Project One: Access to Justice
The overall objective of the action is to address the barriers of sexual and gender-based violence amongst women and children with intellectual disabilities (Down syndrome) and their families in South Africa. This will be achieved by implementing the following key specific objectives:
- To enhance knowledge about sexual and ender – based violence of women and children with intellectual disabilities in South Africa by organizing capacity building programmes and training.
- To enhance knowledge of community stakeholders to address the issue of sexual and gender-based violence within their communities by facilitating and supporting outreach programmes.
- To enhance awareness to service providers / government at national, regional and local level about sexual and gender-based violence against women and children with intellectual disabilities by engaging robustly in dialogue forums.
Both men and women with disabilities are subject to discrimination because of their disabilities. Article 6 of the United nations Convention on the Rights of Persons with Disabilities (UNCRD) asserts that women and girls with disabilities have a further disadvantage because of their gender and their disability. The recent incident reported in South Africa of a 13 year old boy with Down syndrome allegedly being raped in school highlights the fact that urgent measures are needed to address sexual violence and abuse against persons with intellectual disabilities.
The committee on the Rights of persons with Disabilities in its concluding observations to the South African Government under Article 14 “Access To Justice”, noted the following concerns:
- The barriers , including physical and legislative, that prevent the effective participation of all persons with disabilities, especially women and children , persons with psychosocial and /or intellectual disabilities , blind and deaf persons, in accessing the justice system, due to lack of procedural accommodations, including accessibility, in the judicial system.
- The absence of information about the justice system and its proceedings in accessible formats.
- The limited knowledge about the human rights of persons with disabilities within the judicial system and inadequate number of trained professionals within the justice system.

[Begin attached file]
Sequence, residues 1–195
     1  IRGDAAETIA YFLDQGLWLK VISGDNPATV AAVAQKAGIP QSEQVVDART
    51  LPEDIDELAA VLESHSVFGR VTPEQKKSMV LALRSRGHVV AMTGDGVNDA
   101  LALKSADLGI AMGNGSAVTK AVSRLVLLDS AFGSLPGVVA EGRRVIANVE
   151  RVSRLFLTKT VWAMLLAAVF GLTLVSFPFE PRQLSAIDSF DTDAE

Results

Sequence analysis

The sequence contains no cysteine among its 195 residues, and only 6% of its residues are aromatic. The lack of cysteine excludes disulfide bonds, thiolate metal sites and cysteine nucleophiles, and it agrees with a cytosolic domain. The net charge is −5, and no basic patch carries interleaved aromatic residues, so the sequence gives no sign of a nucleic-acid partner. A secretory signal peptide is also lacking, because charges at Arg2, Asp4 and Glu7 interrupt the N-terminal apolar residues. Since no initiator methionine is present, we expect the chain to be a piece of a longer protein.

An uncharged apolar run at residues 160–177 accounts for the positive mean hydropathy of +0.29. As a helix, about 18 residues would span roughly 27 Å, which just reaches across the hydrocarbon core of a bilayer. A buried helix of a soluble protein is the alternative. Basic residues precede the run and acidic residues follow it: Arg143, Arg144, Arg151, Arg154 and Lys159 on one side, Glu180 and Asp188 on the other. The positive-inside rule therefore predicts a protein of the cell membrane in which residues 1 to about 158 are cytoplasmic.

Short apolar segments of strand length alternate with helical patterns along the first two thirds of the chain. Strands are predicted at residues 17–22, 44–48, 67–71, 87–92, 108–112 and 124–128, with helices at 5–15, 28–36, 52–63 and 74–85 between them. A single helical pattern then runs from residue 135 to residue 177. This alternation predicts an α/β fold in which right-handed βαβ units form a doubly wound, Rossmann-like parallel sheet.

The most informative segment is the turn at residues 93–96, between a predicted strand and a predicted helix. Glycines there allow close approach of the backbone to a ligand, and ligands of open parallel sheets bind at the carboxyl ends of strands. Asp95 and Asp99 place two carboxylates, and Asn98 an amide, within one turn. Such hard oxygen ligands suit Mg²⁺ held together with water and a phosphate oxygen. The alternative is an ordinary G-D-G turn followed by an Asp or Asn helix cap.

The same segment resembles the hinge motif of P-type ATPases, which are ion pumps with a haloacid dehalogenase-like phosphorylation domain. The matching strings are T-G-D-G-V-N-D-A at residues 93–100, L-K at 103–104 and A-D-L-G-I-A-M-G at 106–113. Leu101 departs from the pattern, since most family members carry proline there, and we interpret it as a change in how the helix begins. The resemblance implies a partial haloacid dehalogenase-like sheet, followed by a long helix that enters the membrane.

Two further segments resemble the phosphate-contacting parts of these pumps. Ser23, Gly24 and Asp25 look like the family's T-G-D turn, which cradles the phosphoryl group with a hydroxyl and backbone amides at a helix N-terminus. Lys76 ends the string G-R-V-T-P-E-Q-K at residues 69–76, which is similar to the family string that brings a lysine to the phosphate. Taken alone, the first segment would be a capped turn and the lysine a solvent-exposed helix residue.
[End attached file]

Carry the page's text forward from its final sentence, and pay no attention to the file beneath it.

Families of persons with intellectual disabilities are less likely to report cases of abuse due to stigma and discrimination. Cases that are reported to authorities rarely land up in a court of law. Persons with intellectual disabilities have significant difficulties in learning and understanding due to incomplete development of intelligence. For persons with intellectual disabilities, accessibility of information is o central importance. They need information in easy to understand format to participate fully in their life.
DSSA’s mandate as per 5.3 and 5.8 of our Constitution is to:
- To promote public awareness and improve attitudes towards persons with Down syndrome and other intellectual disabilities.
- To encourage the development of programmes and services that may be appropriate and beneficial for persons with Down syndrome and other intellectual disabilities.
As an advocacy organisation, DSSA strives for the rights of persons with intellectual disabilities, specifically on Down syndrome and to put programmes in place to address challenges of sexual and gender-based violence. The proposed action in this proposal will also promote partnership with key stakeholders, innovation and best practice to address the problem of sexual and gender-based violence of women and children with intellectual disabilities in South Africa.
With the set objectives and proposed activities, the expected specific results are as follows:
- Beneficiaries: Increased knowledge about sexual and gender –based violence of women and children with intellectual disabilities in South Africa. Because of the vulnerability of women and children with intellectual disabilities to sexual and gender – based violence, this action will improve their situation because the knowledge will entail information on how to claim their human rights, and how to access the justice system;